Curated by Joy Pepe
  Sheldon Krevit
Seurat’s Mother (After Georges Seurat)

An homage to the exquisite crayon drawings of the Post-Impressionist painter, Georges Seurat, Sheldon Krevit re-presents Seurat’s 1882 drawing (now in the Metropolitan Museum of Art) of his mother. Her mature age counters the adoration of youthfulness in modern society.

The exact reproduction of the drawing can be placed in the PostModernist approach in the early 1980s of artist/photographer, Sherrie Levine, who took a photograph of a reproduction of Walker Evans’s famous Depression era photograph of Allie Mae Burroughs, thereby putting into question the authority and originality of the revered canon of Western male artists. It may also be seen as a re-take of Seurat’s Young Woman Powdering Herself (c. 1889–90, Courtauld Institute Gallery, London).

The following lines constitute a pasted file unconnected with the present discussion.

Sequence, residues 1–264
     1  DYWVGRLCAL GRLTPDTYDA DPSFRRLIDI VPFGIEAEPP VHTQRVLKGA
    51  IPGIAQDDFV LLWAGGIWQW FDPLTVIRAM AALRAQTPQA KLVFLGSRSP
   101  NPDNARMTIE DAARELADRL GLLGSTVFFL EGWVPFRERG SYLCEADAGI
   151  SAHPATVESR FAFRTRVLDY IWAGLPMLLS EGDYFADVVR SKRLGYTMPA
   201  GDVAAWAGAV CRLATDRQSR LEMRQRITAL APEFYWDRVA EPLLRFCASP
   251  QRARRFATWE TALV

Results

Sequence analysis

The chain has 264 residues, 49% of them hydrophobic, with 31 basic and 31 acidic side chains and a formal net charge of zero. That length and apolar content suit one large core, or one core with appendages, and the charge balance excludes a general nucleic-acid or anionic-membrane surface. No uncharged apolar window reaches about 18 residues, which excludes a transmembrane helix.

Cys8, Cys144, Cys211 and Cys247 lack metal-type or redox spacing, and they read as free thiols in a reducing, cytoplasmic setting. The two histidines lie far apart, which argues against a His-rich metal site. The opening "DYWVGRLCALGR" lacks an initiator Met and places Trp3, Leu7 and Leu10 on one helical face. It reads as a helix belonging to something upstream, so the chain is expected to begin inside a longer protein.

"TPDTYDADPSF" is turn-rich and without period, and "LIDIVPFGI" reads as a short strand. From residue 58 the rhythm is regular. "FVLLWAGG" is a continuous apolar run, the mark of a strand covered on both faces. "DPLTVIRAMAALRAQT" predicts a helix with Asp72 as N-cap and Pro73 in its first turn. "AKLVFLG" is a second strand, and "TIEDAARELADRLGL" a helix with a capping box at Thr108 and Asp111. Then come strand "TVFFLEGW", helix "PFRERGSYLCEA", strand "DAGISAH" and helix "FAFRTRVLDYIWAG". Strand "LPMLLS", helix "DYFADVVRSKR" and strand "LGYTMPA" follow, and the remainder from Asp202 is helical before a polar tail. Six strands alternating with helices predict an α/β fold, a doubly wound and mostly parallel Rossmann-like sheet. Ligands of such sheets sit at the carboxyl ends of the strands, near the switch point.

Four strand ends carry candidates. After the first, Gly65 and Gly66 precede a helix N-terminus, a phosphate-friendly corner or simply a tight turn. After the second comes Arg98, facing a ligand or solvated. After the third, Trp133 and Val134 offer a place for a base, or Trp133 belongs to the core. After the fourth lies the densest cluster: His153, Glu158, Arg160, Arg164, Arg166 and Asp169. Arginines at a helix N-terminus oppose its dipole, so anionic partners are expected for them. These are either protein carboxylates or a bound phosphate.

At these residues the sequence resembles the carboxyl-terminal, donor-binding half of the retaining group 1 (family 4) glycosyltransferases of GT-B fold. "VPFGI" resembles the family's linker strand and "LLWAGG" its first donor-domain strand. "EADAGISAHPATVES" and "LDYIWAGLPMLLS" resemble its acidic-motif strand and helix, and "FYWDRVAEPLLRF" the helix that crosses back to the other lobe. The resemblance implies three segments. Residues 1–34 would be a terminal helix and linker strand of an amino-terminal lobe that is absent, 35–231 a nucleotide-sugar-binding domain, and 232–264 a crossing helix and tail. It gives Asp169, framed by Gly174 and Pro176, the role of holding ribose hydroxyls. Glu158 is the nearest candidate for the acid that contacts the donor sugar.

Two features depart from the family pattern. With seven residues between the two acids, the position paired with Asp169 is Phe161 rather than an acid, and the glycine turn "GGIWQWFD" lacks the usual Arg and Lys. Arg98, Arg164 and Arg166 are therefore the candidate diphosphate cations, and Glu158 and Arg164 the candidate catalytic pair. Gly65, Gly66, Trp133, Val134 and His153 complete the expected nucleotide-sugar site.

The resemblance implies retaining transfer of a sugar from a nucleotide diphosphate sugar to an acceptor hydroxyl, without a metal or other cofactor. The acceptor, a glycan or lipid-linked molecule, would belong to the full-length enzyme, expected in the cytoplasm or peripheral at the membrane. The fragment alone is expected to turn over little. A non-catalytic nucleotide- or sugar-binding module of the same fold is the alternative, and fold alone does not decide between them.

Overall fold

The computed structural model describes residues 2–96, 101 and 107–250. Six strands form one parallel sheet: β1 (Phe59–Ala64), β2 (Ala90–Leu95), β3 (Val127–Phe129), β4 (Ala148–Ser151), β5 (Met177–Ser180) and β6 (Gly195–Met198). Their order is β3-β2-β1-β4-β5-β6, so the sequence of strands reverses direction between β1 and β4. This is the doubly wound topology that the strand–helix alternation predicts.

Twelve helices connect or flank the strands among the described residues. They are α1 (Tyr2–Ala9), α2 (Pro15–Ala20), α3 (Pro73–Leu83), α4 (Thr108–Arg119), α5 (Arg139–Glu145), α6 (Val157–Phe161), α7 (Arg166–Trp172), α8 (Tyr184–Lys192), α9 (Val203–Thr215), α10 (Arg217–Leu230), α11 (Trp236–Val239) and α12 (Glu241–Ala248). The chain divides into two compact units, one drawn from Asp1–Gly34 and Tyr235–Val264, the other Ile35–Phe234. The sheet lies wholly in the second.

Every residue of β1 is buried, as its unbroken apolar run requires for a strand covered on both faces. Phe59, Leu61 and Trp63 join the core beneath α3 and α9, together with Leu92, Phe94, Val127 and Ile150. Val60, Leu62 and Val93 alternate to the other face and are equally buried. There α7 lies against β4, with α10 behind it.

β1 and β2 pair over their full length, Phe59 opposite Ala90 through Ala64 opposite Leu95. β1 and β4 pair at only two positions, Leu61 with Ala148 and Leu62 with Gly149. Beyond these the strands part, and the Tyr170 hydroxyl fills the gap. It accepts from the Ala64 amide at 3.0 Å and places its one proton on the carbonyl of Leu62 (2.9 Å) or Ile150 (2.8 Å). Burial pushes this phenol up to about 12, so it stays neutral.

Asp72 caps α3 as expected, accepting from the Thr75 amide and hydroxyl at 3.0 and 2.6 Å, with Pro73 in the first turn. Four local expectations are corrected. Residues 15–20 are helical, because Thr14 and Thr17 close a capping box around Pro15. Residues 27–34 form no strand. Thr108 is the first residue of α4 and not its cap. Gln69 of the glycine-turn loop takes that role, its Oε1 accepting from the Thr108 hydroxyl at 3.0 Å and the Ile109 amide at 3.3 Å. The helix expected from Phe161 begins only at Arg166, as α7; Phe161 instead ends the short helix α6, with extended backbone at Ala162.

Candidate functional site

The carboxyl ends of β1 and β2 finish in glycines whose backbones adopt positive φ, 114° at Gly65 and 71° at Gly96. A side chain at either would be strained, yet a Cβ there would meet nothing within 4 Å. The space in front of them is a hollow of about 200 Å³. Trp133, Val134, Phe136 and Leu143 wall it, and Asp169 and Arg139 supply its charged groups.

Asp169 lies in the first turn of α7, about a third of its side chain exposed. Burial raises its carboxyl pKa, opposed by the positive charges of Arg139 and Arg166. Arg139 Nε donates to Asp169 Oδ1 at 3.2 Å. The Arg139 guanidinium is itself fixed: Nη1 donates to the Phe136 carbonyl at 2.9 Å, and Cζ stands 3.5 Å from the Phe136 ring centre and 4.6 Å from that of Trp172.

Rather than the vanity of youth, Krevit’s mature woman concentrates on her minute task. Embroidery was one of many learned domestic abilities that defined a woman’s character. And the intricacies of the craft created wondrous designs. However, this attention to her needlework craft can also remind us of the knitting of the imposing and frightening Madame LaFarge in Charles Dickens’s Tale of Two Cities (1859) at the
guillotines in revolutionary France in the late eighteenth century, inscribing the names of the dead, even predicting them, in yarn.

Joy Pepe, Curator